Northwestern University researchers have developed a novel nanostructure that promotes the growth of new blood vessels and shows promise as a therapy for conditions where increased blood flow is needed to supply oxygen to tissue.
“An important goal in regenerative medicine is the ability to grow blood vessels on demand,” Samuel I. Stupp, board of trustees professor of chemistry, materials science, engineering and medicine stated in a press release. “Enhancing blood flow at a given site is important where blood vessels are constricted or obstructed as well as in organ transplantation where blood is needed to feed the cells properly.”
Stupp and his team designed an artificial structure that, like the natural protein it mimics, can trigger a cascade of complex events that promote the growth of new blood vessels. The nanostructure mimics vascular endothelial growth factor (VEGF).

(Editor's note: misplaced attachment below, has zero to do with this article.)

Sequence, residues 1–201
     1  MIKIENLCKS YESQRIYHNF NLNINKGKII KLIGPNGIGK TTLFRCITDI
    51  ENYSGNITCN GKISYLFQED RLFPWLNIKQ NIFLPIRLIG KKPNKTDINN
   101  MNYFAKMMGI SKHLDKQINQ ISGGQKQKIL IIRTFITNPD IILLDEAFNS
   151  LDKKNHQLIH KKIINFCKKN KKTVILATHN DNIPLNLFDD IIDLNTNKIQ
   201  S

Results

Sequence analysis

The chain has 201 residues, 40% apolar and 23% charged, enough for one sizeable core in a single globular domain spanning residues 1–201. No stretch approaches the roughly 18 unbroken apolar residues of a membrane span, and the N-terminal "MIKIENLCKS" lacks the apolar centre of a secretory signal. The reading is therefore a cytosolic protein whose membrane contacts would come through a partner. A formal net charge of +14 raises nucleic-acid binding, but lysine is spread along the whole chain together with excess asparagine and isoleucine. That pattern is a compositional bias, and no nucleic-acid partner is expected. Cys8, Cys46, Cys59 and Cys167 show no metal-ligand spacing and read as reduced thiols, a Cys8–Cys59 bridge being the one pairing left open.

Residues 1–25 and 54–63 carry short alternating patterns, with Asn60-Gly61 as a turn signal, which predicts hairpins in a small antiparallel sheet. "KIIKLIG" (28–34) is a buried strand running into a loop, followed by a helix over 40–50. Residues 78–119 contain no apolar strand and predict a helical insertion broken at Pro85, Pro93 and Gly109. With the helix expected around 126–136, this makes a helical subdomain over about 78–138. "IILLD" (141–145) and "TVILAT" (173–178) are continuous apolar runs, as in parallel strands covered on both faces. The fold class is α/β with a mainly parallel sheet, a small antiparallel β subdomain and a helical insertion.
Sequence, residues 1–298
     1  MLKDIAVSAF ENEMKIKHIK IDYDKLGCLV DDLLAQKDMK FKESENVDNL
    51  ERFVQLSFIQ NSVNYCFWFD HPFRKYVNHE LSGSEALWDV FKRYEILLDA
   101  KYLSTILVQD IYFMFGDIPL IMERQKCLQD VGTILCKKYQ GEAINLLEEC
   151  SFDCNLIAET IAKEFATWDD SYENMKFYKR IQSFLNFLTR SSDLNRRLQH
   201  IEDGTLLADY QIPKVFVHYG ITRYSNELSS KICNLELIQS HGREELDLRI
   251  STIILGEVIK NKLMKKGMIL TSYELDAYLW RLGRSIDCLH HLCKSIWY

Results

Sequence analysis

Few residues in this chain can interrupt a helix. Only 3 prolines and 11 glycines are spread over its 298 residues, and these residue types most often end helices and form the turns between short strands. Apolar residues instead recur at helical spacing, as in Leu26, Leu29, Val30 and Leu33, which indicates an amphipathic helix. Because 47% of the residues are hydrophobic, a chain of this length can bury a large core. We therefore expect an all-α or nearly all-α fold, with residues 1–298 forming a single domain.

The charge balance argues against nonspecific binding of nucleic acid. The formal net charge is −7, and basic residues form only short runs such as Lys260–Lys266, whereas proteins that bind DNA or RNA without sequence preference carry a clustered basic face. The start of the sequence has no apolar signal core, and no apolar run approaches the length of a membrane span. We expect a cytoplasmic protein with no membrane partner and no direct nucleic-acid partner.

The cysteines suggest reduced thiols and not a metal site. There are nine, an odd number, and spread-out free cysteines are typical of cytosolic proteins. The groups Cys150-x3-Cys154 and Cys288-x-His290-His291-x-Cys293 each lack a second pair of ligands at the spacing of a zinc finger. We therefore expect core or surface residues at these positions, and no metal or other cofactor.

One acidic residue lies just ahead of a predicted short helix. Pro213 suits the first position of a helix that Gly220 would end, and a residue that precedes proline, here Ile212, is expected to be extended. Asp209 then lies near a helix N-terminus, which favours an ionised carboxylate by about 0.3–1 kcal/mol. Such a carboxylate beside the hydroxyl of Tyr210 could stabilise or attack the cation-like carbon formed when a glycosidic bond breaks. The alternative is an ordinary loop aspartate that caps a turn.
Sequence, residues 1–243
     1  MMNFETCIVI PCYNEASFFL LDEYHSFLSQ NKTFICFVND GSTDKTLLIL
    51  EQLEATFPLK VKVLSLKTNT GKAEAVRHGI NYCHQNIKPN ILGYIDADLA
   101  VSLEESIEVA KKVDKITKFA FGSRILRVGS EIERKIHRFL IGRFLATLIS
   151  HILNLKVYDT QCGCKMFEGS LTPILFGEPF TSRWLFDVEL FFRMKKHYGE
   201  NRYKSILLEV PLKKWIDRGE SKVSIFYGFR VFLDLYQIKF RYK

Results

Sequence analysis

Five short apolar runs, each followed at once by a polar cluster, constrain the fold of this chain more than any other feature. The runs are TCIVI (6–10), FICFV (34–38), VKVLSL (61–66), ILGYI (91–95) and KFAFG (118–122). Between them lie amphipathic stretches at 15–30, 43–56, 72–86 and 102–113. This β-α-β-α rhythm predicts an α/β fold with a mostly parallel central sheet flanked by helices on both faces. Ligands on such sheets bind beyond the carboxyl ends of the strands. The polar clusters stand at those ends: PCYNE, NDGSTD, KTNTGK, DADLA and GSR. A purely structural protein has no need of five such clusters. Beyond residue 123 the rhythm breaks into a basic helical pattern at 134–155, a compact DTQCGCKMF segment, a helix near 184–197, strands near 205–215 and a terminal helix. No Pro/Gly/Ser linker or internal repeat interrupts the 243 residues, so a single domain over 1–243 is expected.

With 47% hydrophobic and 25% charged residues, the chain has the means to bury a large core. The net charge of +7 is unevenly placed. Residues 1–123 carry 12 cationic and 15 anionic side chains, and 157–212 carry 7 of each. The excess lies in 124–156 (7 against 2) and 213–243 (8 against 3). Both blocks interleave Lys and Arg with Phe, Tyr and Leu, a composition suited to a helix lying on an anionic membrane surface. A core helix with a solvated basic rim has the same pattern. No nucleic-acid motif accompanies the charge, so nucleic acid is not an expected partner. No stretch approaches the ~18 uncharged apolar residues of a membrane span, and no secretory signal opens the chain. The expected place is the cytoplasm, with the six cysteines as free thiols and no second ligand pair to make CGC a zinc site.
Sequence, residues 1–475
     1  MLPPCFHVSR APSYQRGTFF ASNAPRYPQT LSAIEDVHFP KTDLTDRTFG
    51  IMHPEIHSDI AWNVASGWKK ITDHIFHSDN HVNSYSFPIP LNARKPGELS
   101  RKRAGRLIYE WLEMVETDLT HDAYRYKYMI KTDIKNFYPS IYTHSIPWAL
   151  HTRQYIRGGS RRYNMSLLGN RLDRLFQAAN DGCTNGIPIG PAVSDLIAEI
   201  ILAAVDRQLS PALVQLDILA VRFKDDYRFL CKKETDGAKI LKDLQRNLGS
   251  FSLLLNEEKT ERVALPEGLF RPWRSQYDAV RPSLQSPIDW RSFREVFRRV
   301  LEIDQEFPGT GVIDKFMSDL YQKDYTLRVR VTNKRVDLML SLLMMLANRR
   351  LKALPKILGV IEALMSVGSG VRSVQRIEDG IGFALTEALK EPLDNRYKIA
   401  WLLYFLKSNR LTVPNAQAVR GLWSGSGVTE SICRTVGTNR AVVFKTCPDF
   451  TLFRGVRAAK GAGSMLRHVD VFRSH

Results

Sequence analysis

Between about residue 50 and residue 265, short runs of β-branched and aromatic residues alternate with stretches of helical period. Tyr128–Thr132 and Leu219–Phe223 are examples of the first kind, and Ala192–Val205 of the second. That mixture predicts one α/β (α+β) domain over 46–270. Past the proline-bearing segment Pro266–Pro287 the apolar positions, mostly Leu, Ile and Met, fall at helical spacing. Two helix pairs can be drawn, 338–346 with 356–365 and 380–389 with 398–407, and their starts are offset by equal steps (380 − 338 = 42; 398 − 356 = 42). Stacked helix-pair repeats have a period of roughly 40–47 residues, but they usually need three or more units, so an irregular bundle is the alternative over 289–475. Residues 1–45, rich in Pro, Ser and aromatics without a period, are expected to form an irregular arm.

The nanostructure, however, exhibits important advantages over VEGF. The nanostructure remains in the tissue where it is needed for a longer period of time and it is easily injected as a liquid to the tissue. Also, relative to the protein, it is inexpensive to produce. VEGF was tested in human clinical trials but without good results, possibly due to it remaining in the tissue for only a few hours.
“Using simple chemistry, we have produced an artificial structure by design that can trigger complex events,” Stupp said. “Our nanostructure shows the promise of a general approach to mimicking proteins for broader use in medicine and biotechnology.”